When roles were being established, I sat back and let others take over roles of project manager and developer, even though I had work experience as project manager, and I developed projects in Omeka.  I accepted what came my way: to do some front end customization in Omeka and social media coordination. I had an instruction sheet that a colleague developed for batch uploads to Omeka using the CSV Import plugin, so that was to be my contribution outside my role.

Before long, roles were blurring and I offered to  look at the data to find a meaningful way to pare down the dataset. I  reduced by filtering out the advertisements that had less metadata than others, ultimately settling on about 205 advertisements out of the full set of over 2000.

Weeks went by. Schedules were off due to snow days and holidays but the data was still not uploaded to our site. That was not my job and I was apprehensive about usurping responsibilities. My apprehension gave way to panic for the good of the project and I took over as project manager and I uploaded the data to the site myself.  With data uploaded, we could now get to work developing our site. I worked on the Omeka interface, mapped headings to Dublin Core metatadata elements, Tristen entered those mappings into the php file, and Monika set about her work on the maps. My task of social media and outreach came later, after we had something that represented what we wanted for our project.

We encountered a few hiccups along the way and reached out when we needed help. Before the maps were developed, I created a temporary exhibit but took it down because ultimately it did not serve the goals of our project.  Once the map exhibit was ready, I enlisted colleagues to test and evaluate the site. I knew the shortcomings, specifically the limitations of the technology to support the custom maps so I was careful to not say too much, instead hoping that the project spoke for itself. I was pleased with the feedback as far as the perception of the project’s pedagogical impact, but the technology glitches were apparent.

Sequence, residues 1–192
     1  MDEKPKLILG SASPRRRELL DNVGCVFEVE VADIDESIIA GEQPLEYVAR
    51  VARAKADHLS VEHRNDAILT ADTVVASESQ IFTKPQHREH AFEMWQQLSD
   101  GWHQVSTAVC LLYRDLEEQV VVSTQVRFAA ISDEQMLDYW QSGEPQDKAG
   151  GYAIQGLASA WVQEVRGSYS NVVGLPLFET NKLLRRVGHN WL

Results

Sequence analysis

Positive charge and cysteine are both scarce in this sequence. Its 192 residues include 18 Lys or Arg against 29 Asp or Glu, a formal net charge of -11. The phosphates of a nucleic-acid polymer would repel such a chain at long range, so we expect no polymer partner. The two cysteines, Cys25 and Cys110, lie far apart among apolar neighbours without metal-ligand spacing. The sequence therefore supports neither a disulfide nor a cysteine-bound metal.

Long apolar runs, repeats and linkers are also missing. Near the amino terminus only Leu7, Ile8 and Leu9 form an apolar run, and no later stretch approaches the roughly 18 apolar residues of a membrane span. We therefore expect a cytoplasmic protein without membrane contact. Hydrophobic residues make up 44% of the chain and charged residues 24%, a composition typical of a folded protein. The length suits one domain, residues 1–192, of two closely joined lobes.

My meta-analysis continues and I am still assessing what I got out of the project and what my interest level in digital humanities is at this point. I see the challenges of working with a small team on an ambitious project. As graduate students, we all have different levels of outside commitments and that was often reflected in the attention we were able to give the project.  I can’t help but compare it to collaborations among employees in a work setting, where team members know they have an explicit understanding that the job must get done within a stated amount of time. That said, I’m pretty impressed with what we were able to accomplish. More thought will go into this, but that’s all I have for now.

 

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May 26, 2018 Posted by | Uncategorized | Leave a comment